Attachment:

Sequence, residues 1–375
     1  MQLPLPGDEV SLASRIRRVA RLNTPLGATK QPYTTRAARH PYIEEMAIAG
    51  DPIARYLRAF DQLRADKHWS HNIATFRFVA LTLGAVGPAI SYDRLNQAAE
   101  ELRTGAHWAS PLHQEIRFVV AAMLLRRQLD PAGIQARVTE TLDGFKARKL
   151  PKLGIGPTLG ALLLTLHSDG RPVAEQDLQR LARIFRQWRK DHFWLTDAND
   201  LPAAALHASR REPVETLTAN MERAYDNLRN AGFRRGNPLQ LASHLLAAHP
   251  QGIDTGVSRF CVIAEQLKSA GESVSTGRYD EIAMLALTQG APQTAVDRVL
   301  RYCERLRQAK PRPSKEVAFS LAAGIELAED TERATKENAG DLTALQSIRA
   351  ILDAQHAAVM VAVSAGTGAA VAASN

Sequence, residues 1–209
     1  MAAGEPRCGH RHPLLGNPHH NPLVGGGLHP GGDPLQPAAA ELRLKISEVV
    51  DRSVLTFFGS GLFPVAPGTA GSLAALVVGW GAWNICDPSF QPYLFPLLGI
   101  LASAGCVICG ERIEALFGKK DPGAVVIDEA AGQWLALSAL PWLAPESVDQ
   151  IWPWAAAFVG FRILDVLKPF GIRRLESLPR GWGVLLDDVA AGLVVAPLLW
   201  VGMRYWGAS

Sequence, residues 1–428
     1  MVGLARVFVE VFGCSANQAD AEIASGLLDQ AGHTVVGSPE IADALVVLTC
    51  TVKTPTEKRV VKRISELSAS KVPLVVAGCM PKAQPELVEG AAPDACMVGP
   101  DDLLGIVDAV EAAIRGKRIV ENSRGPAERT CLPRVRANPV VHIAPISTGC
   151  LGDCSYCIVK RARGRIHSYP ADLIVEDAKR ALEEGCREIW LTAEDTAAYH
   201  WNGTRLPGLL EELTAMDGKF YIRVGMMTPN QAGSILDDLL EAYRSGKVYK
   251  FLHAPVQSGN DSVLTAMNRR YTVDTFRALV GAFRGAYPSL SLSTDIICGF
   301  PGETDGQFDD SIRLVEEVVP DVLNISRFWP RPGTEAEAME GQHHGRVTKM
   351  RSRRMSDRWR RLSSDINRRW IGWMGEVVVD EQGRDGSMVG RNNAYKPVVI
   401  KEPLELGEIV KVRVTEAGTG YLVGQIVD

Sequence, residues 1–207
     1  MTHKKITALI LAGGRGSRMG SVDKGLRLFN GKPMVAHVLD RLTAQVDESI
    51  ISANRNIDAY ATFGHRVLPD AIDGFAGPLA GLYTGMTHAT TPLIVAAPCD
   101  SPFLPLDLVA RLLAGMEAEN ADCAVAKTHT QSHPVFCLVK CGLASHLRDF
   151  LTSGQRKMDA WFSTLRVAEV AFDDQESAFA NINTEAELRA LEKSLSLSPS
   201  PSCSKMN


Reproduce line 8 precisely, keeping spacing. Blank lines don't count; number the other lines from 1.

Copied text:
   301  RYCERLRQAK PRPSKEVAFS LAAGIELAED TERATKENAG DLTALQSIRA